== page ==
Looming is about emptiness and archaeological exploration; it’s about a vast space and the ruins inside it. I’m pretty sure archaeologists get frustrated sometimes, looking for a tiny object in a huge excavation area. How could you do a genuine game about the experience of exploring a place like Looming without this kind of frustration occuring? By adding Oblivion-style markers to show you the way? Sure, that would take away the frustation at the end, but it would also take away the entire rest of the experience. Or is it perhaps the overly simplistic gameplay that is at fault, and the solution is to add enemies to fight? That might distract from the walking, but it would also ruin that wondrous sense of emptiness the game has.

A beautiful glass sculpture may have the flaw that it’s hard to transport, but that doesn’t mean it should be made out of straw instead.

Ah, but this is a dangerous road, isn’t it? Because it would be silly to deny that there are real flaws, real game design errors. Accepting flaws may all too easily lead to the (post)modern idea that skill and craft are irrelevant to art; the kind of thinking that has ultimately led much of the modern art world (especially in painting, sculpture and theatre) to glorfying crap presented as crap by crappy artists proud of their crappiness. Nothing sets my teeth on edge quite as much as sloppiness and lack of originality passed off as depth and/or irony. Yeah, your lack of ability is very ironic. As far as I’m concerned, Damien Hirst can fuck off and I hope the Chapman Brothers are stomped to death by tyrannosaurs.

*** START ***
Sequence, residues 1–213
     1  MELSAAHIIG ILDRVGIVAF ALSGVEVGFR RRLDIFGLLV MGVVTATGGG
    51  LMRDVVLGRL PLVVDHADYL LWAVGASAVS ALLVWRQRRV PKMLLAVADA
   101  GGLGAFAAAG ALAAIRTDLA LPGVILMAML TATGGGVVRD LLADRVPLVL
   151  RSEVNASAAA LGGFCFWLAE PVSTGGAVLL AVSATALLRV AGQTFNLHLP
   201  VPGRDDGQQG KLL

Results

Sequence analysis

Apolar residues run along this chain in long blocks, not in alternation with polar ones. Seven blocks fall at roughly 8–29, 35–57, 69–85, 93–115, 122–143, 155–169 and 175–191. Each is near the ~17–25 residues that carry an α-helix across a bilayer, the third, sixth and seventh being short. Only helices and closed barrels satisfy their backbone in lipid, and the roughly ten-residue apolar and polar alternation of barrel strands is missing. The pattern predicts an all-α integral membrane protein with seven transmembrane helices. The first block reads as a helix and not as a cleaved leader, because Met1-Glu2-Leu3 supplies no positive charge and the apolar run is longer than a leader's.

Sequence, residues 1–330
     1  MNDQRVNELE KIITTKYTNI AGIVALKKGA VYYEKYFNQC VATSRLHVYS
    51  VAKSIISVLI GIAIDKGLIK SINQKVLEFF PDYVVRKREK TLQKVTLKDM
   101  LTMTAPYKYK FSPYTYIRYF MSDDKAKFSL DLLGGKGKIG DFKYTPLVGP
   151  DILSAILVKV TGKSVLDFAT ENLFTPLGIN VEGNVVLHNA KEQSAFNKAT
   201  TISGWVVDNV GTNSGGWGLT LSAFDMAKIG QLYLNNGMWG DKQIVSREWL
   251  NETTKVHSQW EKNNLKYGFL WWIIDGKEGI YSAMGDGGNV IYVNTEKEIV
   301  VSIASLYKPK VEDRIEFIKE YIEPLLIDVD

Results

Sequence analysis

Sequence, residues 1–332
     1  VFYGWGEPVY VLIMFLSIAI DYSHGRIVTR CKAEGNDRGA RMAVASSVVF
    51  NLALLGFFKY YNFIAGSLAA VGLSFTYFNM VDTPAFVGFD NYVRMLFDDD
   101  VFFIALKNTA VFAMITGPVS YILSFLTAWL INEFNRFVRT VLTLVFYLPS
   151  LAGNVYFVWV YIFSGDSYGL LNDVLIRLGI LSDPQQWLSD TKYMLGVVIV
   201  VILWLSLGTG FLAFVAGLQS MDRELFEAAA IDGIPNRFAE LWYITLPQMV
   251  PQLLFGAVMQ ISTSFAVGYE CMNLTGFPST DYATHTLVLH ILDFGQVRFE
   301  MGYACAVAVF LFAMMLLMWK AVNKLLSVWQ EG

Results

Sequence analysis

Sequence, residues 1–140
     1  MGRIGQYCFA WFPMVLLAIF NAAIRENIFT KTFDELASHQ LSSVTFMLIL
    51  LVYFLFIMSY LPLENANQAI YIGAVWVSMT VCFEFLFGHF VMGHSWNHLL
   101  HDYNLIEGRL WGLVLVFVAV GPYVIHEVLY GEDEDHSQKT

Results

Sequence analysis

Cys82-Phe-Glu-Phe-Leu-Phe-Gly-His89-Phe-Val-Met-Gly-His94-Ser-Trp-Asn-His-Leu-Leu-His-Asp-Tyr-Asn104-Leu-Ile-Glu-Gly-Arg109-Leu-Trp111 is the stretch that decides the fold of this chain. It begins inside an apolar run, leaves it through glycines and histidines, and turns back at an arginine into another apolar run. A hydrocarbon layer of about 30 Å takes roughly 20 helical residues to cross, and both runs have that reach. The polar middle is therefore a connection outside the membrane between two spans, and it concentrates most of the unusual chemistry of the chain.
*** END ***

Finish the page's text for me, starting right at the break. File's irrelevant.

Tolerance for stupidity and a lack of vision and craft is not something that should be supported. Making games, like any artform, requires a great deal of very precise work to be good. But we do have to recognize that the more precisely a game is crafted, the more it becomes something specific, becomes itself, the less it is like other things; you chip away at something to give it shape, but the further away it gets from being a featureless block, the closer it gets to something whose shape we can disagree about. And the more a game is itself, does what it does as well as it can, the less likely it is to appeal to everyone. However – and this is important – it will appeal all the more to the right people.

Some flaws come with the territory. I’d rather play an awesome and sometimes frustrating Looming than a mediocre and forgettable one.

 

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4 Comments